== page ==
FAYETTE COUNTY, Ky. (WTVQ) – Children in Fayette County head back to school Wednesday and officials are urging the community to slow down.
Fayette County Public Schools, the Lexington Police Department, Safe Kids Fayette County and AAA launched the 2019 “School’s Open, Drive Carefully” campaign on Monday.
The campaign urges motorists to slow down and stay alert while in neighborhoods and school zones.
AAA offers free “School’s Open Drive Carefully” yard signs to its community partners, schools and the general public as a reminder for motorists to drive with caution.
Officials have some traffic safety facts list.
• More pedestrians were killed in 2018 in Lexington than any year since the city started tracking the numbers in 1996.
• Distracted driving crashes kill an average of 9 people and injure another 1,000 every day in America.
• In 2018, five children were killed over the course of just three days in school bus stop-related incidents nationwide.
• School zone speed limits are in place to save lives. Motorists need to be especially vigilant during the morning and afternoon hours when schoolchildren are walking to and from school.
• According to the AAA Foundation for Traffic Safety, a pedestrian struck by a vehicle traveling at a reduced school zone speed of 25 mph is nearly two-thirds less likely to be killed
compared to a pedestrian struck by a vehicle traveling just 10 mph faster.
• Slow down. Speed limits in school zones are reduced for a reason. A pedestrian struck by a vehicle traveling at 25 mph is nearly two-thirds less likely to be killed compared to a
pedestrian struck by a vehicle traveling just 10 mph faster.
• Come to a complete stop. Research shows that more than one-third of drivers roll through stop signs in school zones or neighborhoods. Always come to a complete stop, checking carefully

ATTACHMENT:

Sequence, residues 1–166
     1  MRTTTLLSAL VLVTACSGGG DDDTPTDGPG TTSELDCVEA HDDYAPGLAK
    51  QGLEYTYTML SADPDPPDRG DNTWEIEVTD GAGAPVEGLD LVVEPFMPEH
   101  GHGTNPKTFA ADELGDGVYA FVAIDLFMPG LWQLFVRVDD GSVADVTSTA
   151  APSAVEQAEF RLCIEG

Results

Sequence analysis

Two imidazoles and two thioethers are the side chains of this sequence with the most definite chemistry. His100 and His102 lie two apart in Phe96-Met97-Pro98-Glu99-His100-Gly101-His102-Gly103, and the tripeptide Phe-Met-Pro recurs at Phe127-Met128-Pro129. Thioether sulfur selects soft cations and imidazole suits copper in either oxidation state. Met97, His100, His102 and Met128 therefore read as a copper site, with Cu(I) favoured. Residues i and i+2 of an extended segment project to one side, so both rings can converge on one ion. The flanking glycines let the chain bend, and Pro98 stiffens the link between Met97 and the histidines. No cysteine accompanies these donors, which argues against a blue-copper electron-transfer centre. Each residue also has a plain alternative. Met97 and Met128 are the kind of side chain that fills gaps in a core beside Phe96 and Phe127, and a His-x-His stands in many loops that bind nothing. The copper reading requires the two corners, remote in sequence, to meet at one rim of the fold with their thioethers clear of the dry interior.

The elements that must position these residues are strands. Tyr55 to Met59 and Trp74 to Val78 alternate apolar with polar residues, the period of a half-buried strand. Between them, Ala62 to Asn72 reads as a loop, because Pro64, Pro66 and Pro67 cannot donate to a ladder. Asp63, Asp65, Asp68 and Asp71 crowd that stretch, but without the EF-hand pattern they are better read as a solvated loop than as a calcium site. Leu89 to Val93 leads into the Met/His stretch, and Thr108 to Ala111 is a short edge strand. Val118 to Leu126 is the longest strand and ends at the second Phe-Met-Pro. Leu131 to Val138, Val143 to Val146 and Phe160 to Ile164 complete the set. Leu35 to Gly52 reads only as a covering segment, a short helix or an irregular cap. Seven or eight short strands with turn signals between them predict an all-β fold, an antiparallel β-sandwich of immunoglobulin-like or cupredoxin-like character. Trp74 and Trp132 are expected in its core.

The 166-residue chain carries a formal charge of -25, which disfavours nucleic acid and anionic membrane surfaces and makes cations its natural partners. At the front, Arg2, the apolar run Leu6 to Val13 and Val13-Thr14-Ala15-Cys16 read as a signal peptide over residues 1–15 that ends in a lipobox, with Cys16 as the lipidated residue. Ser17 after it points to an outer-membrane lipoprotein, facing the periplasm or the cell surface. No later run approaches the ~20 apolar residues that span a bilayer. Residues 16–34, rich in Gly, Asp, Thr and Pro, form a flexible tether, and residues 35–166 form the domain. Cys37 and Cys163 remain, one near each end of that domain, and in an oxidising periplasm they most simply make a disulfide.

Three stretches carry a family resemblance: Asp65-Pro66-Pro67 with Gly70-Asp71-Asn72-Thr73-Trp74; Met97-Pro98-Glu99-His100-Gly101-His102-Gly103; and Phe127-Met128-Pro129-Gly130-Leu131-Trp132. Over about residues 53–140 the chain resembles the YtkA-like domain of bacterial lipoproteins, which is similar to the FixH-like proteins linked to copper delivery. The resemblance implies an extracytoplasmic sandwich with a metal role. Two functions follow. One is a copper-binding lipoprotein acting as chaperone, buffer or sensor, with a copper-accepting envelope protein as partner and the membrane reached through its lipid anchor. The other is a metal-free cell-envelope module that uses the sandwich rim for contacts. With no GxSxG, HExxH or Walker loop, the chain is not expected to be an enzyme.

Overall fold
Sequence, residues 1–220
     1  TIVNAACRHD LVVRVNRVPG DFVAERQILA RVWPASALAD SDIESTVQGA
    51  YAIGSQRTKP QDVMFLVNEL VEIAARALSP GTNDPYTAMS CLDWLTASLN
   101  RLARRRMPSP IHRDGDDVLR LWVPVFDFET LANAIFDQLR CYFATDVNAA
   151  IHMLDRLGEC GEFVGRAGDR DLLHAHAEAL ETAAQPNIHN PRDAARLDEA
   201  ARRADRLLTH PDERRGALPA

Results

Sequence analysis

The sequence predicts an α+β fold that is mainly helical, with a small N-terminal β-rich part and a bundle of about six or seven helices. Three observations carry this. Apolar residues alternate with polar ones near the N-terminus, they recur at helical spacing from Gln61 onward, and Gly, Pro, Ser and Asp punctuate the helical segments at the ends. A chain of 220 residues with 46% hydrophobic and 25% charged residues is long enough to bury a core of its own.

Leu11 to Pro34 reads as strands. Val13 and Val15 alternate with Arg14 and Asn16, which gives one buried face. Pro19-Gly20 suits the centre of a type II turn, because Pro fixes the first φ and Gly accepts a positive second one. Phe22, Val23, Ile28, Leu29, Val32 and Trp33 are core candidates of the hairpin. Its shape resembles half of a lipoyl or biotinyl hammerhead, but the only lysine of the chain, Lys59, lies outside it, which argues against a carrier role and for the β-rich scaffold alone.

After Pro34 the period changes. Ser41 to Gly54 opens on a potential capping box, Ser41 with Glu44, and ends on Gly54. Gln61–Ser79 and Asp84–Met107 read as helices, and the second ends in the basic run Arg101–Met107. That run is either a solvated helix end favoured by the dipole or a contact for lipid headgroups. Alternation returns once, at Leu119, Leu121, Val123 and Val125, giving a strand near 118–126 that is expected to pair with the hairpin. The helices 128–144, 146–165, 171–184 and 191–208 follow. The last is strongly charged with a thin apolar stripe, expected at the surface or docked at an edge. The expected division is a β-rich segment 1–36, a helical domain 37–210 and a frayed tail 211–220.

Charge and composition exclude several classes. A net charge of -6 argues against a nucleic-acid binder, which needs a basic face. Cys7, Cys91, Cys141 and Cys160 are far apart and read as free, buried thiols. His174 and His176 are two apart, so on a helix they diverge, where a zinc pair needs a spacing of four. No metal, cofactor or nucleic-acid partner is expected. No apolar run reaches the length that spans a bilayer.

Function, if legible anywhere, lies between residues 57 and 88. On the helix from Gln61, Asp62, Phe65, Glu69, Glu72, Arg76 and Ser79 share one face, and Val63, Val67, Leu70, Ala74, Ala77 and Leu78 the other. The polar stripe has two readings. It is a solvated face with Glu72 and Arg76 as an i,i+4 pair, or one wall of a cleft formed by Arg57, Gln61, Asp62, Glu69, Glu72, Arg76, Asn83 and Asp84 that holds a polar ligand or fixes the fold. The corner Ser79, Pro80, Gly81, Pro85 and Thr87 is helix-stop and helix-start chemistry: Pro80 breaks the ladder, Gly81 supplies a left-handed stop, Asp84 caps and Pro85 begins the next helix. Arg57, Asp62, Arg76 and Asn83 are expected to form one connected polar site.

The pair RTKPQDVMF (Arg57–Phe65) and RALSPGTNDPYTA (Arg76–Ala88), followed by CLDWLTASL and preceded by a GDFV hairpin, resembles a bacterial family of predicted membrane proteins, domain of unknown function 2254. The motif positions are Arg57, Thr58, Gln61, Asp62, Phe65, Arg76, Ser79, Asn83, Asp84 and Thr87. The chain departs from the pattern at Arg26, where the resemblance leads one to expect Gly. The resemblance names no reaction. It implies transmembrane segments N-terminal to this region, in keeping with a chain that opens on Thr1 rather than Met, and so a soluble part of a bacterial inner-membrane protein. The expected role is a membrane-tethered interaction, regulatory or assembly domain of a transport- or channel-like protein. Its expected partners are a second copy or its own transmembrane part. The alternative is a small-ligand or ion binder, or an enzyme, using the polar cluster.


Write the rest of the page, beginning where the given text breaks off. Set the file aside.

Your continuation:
for children on sidewalks and in crosswalks before proceeding.
• Eliminate distractions. Research shows that taking your eyes off the road for just two seconds doubles your chance of crashing. In addition, children can be quick, crossing the road
unexpectedly or emerging suddenly between two parked cars. Reduce risk by not using your cell phone or eating while driving, for example.
• Reverse responsibility. Every vehicle has blind spots. Check for children on the sidewalk, in the driveway and around your vehicle before slowly backing up. Teach your children to
never play in, under or around vehicles.
• Watch for bicycles. Children on bikes are often inexperienced, unsteady and unpredictable. Slow down and allow at least three feet of passing distance between your vehicle and a
bicyclist. If your child rides a bicycle to school, require that he or she wear a properly fitted helmet on every ride. Find videos, expert advice and safety tips at
• Talk to your teen. Car crashes are the leading cause of death for teens in country, and nearly one in four fatal crashes involving teen drivers occur during the after-school hours of 3:00 p.m. to 7:00 p.m. Get evidence-based guidance and tips at TeenDriving.AAA.com.